In contrast, three of the family members, FGF19, FGF21 and FGF23 are secreted directly into the bloodstream and act at distal sites in an endocrine manner. These do not utilize heparin sulfate but do require alpha or beta-klotho as essential cofactors. Recent studies including crystal structure analysis indicate these cofactors are essential to their mechanism of action.

The last group of FGFs (FGF11-FGF13), are not secreted and act intracellularly by modulating voltage gated ion channels.

The autocrine and endocrine FGFs mediate their activity by binding to and activating four FGF receptors (FGFR1 – FGFR4). These belong to another large family of transmembrane receptors, the receptor tyrosine kinases. Upon binding of the FGF ligand to the extracellular domain, there is a structural reorganization of the receptor dimer which induces phosphorylation at specific tyrosine residues in the intracellular domains. These, in turn, activate a number of signaling pathways depending on the ligand and cell type that lead to the dizzying list of activities mediated by the FGFs.

Perhaps, way back in time, such a signaling molecule and its cognate receptor evolved in a prehistoric life form. It proved versatile and useful. Nature is efficient. It reused the paradigm for other related purposes. The relevant genes were duplicated, random mutations were selected for by the inexorable forces of natural selection and soon several growth factors and kinase receptors appeared controlling the many different processes needed to grow and sustain a multi-cellular organism. Some examples are the Epidermal Growth Factors, Insulin and Insulin like Growth Factors, Vascular Endothelial Growth Factors and the Fibroblast Growth factors. The FGFs are the largest of this family with 22 members.

Recombinant FGF2 is used for the topical treatment of burns, skin grafts, recalcitrant skin ulcers, diabetic- gangrene and diabetes related ulcers in China. This is just one of the twenty two FGFs. Preclinical and clinical research are underway to find if the other members can be turned into useful drugs. In particular, the endocrine FGFs hold great promise. In preclinical studies, FGF21 has been shown to ameliorate diabetes, dyslipidemia, reduce body weight, liver fat and non-alcoholic steatohepatitis. If translated into the clinic, this could be a game changer in the treatment of many diseases associated with our modern lifestyle and abundance of high calorie, tasty foods and sugar-rich drinks. We look forward to more medicines from the FGF family.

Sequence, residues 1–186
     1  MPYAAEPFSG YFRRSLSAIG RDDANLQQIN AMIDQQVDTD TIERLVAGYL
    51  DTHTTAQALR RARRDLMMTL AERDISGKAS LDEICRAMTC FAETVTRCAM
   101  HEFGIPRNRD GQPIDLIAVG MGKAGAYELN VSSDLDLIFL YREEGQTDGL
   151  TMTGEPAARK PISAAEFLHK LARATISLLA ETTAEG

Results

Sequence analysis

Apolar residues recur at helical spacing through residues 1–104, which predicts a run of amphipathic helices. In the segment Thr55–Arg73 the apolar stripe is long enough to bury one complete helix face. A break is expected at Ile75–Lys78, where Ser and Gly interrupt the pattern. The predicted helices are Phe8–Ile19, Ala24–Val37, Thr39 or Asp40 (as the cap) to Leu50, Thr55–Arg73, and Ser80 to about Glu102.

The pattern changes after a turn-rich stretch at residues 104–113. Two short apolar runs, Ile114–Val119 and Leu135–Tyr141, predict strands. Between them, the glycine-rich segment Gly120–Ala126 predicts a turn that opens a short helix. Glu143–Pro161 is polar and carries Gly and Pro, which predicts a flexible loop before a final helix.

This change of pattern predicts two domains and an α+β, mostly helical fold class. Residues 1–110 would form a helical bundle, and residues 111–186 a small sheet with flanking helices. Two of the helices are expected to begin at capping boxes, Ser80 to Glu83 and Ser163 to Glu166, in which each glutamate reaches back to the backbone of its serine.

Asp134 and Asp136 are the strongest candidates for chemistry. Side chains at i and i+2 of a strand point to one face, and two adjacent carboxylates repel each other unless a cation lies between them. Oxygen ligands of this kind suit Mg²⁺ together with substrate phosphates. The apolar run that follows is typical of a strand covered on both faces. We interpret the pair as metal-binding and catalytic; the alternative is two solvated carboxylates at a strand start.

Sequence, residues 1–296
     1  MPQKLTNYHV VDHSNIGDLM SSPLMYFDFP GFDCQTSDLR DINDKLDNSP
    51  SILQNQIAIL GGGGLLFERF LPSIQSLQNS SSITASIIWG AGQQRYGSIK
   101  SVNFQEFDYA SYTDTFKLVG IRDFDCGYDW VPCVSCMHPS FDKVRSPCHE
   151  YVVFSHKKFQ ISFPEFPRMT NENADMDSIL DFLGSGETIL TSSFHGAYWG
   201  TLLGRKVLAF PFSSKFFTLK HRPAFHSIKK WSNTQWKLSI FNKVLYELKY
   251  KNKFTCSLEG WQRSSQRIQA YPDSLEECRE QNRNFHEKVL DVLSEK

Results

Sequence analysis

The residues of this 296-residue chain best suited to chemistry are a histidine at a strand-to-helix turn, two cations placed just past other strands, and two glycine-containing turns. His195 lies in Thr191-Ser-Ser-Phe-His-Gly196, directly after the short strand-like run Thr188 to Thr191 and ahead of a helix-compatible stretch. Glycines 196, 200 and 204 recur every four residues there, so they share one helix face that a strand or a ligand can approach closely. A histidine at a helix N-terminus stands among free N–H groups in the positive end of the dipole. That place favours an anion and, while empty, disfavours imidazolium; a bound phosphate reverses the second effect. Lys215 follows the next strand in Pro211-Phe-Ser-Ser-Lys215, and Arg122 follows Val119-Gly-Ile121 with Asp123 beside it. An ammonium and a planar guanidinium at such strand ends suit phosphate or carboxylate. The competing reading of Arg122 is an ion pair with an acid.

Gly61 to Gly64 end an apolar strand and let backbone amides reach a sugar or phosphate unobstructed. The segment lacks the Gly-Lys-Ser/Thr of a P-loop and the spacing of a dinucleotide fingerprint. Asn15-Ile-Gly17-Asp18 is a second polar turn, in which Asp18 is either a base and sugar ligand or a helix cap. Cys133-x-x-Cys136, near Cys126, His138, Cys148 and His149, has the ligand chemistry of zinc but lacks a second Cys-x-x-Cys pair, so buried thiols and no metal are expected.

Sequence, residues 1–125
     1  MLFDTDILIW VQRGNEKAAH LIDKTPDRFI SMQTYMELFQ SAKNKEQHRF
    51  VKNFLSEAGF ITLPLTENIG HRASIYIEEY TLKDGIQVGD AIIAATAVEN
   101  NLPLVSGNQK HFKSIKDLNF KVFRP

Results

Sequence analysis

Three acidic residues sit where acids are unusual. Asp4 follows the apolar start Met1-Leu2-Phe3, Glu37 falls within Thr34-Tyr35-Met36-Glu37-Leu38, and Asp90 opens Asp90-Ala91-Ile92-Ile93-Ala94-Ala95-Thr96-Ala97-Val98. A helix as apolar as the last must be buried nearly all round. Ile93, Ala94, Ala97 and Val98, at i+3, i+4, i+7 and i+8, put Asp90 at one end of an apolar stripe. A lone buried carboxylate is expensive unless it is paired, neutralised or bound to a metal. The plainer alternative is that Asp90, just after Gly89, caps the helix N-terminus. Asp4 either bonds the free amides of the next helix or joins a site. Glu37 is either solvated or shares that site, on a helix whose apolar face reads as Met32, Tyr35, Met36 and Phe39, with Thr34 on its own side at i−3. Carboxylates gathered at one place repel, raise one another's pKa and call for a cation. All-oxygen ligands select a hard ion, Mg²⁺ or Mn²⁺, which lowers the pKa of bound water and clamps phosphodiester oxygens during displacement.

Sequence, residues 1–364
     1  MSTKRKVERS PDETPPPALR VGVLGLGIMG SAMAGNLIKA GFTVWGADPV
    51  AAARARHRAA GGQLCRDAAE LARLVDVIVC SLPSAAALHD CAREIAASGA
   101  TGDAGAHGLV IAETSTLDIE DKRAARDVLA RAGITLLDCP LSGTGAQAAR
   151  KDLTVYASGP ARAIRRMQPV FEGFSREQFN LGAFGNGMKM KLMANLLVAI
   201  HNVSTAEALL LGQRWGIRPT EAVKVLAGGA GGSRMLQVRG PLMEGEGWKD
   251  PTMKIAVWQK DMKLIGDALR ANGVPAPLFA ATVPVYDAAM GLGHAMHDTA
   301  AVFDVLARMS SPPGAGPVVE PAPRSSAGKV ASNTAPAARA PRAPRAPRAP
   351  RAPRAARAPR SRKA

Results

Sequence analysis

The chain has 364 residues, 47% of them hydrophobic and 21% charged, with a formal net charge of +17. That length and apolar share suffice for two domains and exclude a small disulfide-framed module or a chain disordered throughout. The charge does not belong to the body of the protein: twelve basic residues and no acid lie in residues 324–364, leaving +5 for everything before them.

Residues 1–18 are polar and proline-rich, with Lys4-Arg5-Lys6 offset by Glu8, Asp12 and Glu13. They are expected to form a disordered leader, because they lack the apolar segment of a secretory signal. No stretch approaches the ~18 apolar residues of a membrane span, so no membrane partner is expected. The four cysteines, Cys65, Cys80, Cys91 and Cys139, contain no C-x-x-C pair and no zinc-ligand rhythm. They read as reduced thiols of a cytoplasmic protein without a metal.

Two spiral galaxies just before collision.

Evolution: From Big Bang to Modern Man in Just One Page

Fourteen billion years ago the evolution of the present universe as we know it, began. It began with a Big Bang. At that infinitesimal point in time the universe was super tiny, super dense and super hot. Then suddenly, it exploded. Space began to expand and has been expanding ever since. Matter and energy that had remained compacted in a tiny, tiny dot, were suddenly and violently released and scattered across the entire universe in the form of a hot, charged plasma. With time the universe cooled. Particles of matter began to combine in different ways. The first atoms were formed. The simplest atom was hydrogen, the most abundant element in the universe followed by helium. Over time, these gases slowly condensed into gas clouds. In some regions a critical mass was reached. Inside the extremely dense, hot centers of these protostars, hydrogen nuclei began fusing to form helium releasing enormous amounts of energy in the process. The first stars were born. The firmament began to sparkle with starlight. In the high-energy inferno inside large stars, nucleosynthesis led to the formation of more complex elements including carbon, nitrogen, oxygen, phosphorus. The explosions of these large stars seeded the galaxies with the elements necessary for life. Heavier elements were formed during mergers of neutron stars or in exploding super-novae, spewing their contents across the entire cosmos. The gravity of large stars attracted matter that gradually coalesced and started revolving around them trapped in the stars’ gravitational fields. Planets were formed. One such star is our sun and one of the eight planets revolving around the sun is our beloved earth. It was formed 4.5 billion years ago.